Charismatic film actors can work miracles with so-so material. But there usually comes a point when they can no longer camouflage that the story they are so earnestly committed to telling is somewhat suspect.
For at least half of “Everything, Everything,” the latest best-selling young-adult novel to find its way to the big screen, I was content enough to simply bask in the company of 18-year-old Amandla Stenberg (Rue in “The Hunger Games” franchise) and 22-year-old Nick Robinson (“Jurassic World”), the two attractive leads who star as Maddy and Olly in this adolescent romance. Blessed with bright blemish-free faces, a precociously articulate way with words as they discuss calculus and literature, knock-‘em-dead smiles and effusively emotive hair, this pair’s presence puts a welcome sheen on an old thematic chestnut: the destiny-driven infatuation that won’t be denied, even in the face of a potentially lethal disease.
The malady in question? Maddy is a “bubble girl,” meaning that she suffers from severe combined immunodeficiency aka SCID. As a result, she is allergic to the outside world and must live in an antiseptic environment (complete with a stylish mostly white and certainly organic wardrobe). There have been “bubble boys” on TV (John Travolta in 1976’s “The Boy in the Plastic Bubble” and that sore-loser Trivial Pursuit player on “Seinfeld”) and in movies (Jake Gyllenhaal in the 2001 dramedy “Bubble Boy”). But a female version is a rarity and the so-called bubble in this case could pass as something out of a high-end décor magazine for medical patients. The hermetically-sealed contemporary abode in Los Angeles features plenty of spacious windows so that Maddy can at least pretend she can connect to the world beyond her laptop—something she hasn’t been able to do in 17 years.
Luckily enough, single mother Pauline (Anika Noni Rose of the film version of “Dreamgirls,” a Tony winner whose abilities are at half-tapped here) is a caring doctor who tends to all her daughter’s health needs as well as a vigilant warden who makes sure she is never exposed to harmful elements. She is especially cautious since her husband and a son died in a car accident years ago. Soon after, Maddy got terribly sick and that was that. But then new neighbors move in and, lo, Maddy spies Olly, the super-cute skateboarder next door, who makes eye contact and waves as she peers through glass.
In what seems to be a clever play on the balcony scene in “Romeo and Juliet,” the love-struck pair can see into each other’s bedroom window and communicate by various means. They initially bond over silly pantomimed jokes at the expense of a misbegotten bundt cake baked by his mother and rejected by Pauline since, you know, germs. Then Olly writes his cell phone number on his pane, and soon they are whispering sweet text messages to one another at all hours of the night. There is even a kindly nurse a la Shakespeare named Carla (Ana de la Reguera), who acts as their sympathetic go-between and goes so far as to let Olly into the house after he promises to keep a safe distance from Maddy (fat chance).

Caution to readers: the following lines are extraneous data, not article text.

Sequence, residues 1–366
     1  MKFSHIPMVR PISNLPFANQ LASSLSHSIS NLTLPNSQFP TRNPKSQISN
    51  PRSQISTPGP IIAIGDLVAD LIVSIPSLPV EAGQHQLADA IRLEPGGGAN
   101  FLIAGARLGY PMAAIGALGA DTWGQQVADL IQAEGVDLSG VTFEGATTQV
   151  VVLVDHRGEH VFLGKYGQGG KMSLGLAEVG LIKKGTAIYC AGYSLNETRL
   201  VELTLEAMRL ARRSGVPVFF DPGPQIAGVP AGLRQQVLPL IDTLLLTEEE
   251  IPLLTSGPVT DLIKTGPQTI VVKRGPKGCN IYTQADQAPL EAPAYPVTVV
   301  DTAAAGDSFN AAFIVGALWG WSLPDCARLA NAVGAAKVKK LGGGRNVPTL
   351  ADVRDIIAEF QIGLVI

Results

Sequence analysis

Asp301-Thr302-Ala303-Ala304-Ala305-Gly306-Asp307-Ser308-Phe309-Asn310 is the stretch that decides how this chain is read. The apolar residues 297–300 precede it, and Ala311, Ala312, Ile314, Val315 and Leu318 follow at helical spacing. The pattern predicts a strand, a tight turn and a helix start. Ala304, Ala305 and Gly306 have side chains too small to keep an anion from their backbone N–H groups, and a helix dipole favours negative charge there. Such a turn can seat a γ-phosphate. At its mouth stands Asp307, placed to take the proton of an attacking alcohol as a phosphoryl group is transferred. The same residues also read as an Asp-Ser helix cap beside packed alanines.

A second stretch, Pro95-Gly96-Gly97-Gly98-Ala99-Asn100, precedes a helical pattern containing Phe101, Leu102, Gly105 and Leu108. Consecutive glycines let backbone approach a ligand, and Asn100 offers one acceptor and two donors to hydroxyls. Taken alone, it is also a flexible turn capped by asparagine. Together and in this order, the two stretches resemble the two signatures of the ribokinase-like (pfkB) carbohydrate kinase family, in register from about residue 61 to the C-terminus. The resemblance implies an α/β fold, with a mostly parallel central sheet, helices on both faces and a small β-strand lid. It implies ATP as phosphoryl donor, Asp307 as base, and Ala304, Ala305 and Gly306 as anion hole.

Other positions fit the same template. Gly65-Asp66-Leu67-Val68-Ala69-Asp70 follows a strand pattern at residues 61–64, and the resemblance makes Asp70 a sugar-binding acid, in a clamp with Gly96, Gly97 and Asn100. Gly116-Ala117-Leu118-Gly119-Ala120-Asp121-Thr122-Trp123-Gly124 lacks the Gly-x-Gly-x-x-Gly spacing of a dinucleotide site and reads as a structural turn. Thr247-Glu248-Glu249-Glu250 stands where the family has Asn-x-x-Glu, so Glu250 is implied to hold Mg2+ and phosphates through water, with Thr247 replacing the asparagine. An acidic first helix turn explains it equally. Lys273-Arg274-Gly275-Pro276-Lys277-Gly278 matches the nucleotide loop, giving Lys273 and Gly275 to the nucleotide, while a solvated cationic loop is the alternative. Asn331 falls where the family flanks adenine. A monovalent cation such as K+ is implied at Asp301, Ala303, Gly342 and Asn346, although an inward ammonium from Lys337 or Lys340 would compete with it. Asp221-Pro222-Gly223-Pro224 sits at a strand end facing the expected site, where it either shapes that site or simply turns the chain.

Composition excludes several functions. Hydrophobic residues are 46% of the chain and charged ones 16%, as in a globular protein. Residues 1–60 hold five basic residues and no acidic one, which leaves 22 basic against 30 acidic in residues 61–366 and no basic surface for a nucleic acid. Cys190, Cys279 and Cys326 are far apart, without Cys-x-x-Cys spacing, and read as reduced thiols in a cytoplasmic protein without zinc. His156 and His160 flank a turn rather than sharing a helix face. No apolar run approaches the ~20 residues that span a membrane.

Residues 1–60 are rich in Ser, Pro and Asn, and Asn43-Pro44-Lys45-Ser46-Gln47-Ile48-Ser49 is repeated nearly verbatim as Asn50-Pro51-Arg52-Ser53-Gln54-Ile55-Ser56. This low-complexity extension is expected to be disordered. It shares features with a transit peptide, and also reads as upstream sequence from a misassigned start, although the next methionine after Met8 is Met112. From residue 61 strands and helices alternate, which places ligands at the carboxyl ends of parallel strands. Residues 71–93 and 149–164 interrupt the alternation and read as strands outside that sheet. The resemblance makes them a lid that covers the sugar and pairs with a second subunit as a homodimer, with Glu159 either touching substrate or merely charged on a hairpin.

I like how director Stella Meghie brings to life Maddy’s architectural models of a diner and a library as she imagines that her text message exchanges with Olly are face to face conversations taking place in life-size versions of her creations. It allows the movie to breathe. That an astronaut figure that inhabits her miniatures also shows up as a character is a nicely humorous and surreal touch. And the matter-of-fact portrayal of a bi-racial relationship is presented just as it should be—unremarked upon.
But, at a certain point, when Maddy starts to rebel against her mother’s strict rules and Olly’s father becomes abusive, it is inevitable they will run away—and to a beach, since that is Maddy’s dream. Think “Love Story” crossed with a PG-13 “Blue Lagoon” minus the ickier stuff. That is where logic begins to go askew. Yes, you can get a credit card at 18 just by signing up for one online. Yes, you can buy plane tickets with it on a web site. But how can you fly without ID since she surely doesn’t have a driver’s license, given her response to being in a car with Olly behind the wheel. Plus, you just know there will be a BIG TWIST coming eventually and, when it does, it drags everything down with it.
Being around any young people in the throes of a blossoming crush can be a tonic, a contact-high reminder of how it feels to be so consumed by such a rush of intense feelings. It can also be annoying as hell, especially when they shut out the rest of humanity including those who care about them the most. “Everything, Everything” tries to have it both ways and only partially succeeds in being the right romantic medicine.